(Photo by Bill Allen/NJSportAction)
It was a question that gave Roger Hughes pause as he interviewed six years ago for the Princeton football head coaching job.
After praising his organization and focus, one of the members of the selection committee hit Hughes with a doomsday scenario.
"He said to me say if things don't go your way, the alums are upset, Gary Walters isn't talking to you, you lose your players, and your wife leaves you, what would you do then?" said Hughes, recalling the startling inquiry. "I thought for a minute. I said that's a good one and that I would find a quiet room and get on my knees and pray."
During the course of the 2003-2004 seasons in which Princeton went 7-13 overall and lost six games on the last play, Hughes found himself frequently seeking divine guidance.
"I wore out my knees the last three years," said Hughes, whose hair has taken on an increasingly gray tint as the losses mounted. "I questioned why things went the way they did."
Things finally went Princeton's way this fall as the Tigers went 7-3, putting together the program's finest season since 1995 when it went 8-1-1 and won its most recent Ivy League crown.
Although the Tigers fell short of their ultimate goal of an Ivy crown as they finished 5-2 in league play, tied with Harvard for second behind champion Brown, Hughes saw this fall as sweet redemption.
"I think this year we saw that our approach worked," said Hughes, who was working this fall under a one-year extension to his original five-year contract and now has a 26-33 record in his Princeton tenure.
"The seniors and the assistant coaches saw the rewards of our vision. It was great for the kids to see what we could accomplish. There was a family feeling."
That family feeling was forged well before the season started. "During the offseason, I talked to other coaches around Princeton who have had success and they all said senior leadership was key," said Hughes.
"I tried to learn what they did to foster that. Back in training camp, we did things to make it more fun and you could see special bonds forming."
Although Princeton got off to a 2-0 start, it wasn't until the Tigers dismantled Columbia 43-3 in game three that Hughes really believed that family feeling was going to translate into a memorable fall.
"The way we shut them down and executed, I was thinking that maybe something special was happening," recalled Hughes.
"It was our third win over an undefeated team. So much came from the focus on one game at a time. They didn't get ahead of themselves. The season went so fast."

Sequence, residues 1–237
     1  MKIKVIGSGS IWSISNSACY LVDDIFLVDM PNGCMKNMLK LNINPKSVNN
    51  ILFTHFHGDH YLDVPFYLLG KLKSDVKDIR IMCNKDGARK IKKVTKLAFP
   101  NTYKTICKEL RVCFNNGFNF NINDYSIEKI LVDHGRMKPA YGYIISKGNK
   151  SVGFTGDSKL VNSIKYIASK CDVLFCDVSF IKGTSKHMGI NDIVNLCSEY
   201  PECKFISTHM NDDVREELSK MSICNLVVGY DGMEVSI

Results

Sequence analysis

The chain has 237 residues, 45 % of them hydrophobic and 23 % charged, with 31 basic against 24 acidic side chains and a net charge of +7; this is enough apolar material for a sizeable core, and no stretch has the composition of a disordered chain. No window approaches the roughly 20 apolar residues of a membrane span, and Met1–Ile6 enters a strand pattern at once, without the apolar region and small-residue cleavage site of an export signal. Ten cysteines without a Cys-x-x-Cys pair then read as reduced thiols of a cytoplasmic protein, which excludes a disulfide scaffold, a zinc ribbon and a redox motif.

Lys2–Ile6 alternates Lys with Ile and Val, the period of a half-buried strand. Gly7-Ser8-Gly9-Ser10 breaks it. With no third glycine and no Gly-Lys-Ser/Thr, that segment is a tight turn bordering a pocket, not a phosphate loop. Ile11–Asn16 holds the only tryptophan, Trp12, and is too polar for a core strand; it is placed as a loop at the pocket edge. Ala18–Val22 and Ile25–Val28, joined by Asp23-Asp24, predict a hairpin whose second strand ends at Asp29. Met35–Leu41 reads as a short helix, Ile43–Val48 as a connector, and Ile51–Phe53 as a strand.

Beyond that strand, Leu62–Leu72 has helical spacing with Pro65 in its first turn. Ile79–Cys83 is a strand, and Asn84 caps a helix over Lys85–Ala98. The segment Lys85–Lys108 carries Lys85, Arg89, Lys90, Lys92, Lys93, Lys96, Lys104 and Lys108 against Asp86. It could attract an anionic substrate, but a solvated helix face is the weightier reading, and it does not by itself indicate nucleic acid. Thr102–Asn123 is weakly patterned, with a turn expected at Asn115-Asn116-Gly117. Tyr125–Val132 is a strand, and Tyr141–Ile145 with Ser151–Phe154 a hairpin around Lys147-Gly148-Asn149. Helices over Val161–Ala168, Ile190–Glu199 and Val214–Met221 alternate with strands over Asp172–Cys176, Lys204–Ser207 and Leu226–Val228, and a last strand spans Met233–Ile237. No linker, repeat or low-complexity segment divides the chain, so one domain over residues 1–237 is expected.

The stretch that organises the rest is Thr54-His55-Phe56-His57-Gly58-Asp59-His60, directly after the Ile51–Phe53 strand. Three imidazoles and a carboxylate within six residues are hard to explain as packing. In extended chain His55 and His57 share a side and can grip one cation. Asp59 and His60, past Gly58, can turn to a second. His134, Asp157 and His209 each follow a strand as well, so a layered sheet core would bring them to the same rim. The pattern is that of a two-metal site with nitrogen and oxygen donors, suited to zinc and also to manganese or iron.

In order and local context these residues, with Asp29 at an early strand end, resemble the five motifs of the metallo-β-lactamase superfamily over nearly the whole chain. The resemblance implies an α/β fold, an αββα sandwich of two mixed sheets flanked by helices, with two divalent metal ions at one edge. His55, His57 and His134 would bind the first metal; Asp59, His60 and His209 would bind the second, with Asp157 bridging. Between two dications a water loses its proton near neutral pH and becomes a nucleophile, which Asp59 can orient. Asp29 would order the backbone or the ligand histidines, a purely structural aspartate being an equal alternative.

While Hughes didn't have much time to savor things, two wins stand out. In late October, Princeton went up to Harvard and won a 27-24 thriller, ending a nine-year losing streak to the Crimson.
Two weeks later, the Tigers traveled down to Philadelphia and ended Penn's nine-year hex in emphatic fashion, thumping the Quakers 30-13.
The senior class, which included such standouts as defensive back Jay McCareins, linebackers Justin Stull, Rob Holuba, Nate Starrett, and Abi Fadeyi, receivers Greg Fields and Derek Davis, tight end Jon Dekker, offensive linemen Ben Brielmaier, Dave Szelingowski, and Paul Lyons, and kicker Derek Javarone, will clearly be missed.
But Hughes is already working on keeping the family feeling alive in his corps of returning players.
"During the last week of the season, I told the juniors and the other underclassmen that this is going to be your team," said Hughes.
The Tigers figure to welcome back key performers like quarterback Jeff Terrell, running backs Rob Toresco and Cleo Kirkland, receiver Brendan Circle, defensive backs Tim Strickland and J.J. Artis, defensive linemen Michael Meehan and Peter Buchigani, and punter Colin McDonough.
Before Hughes moves on to 2006, however, he has taken the chance to pause and reflect on what this fall meant to him.
"It was very gratifying," asserted Hughes. "The head coach gets too much blame when things go bad and too much credit when things go well."
Yet, after enduring some cruel twists which made him something like the Job of Ivy League coaches, Hughes deserves credit for keeping the faith.
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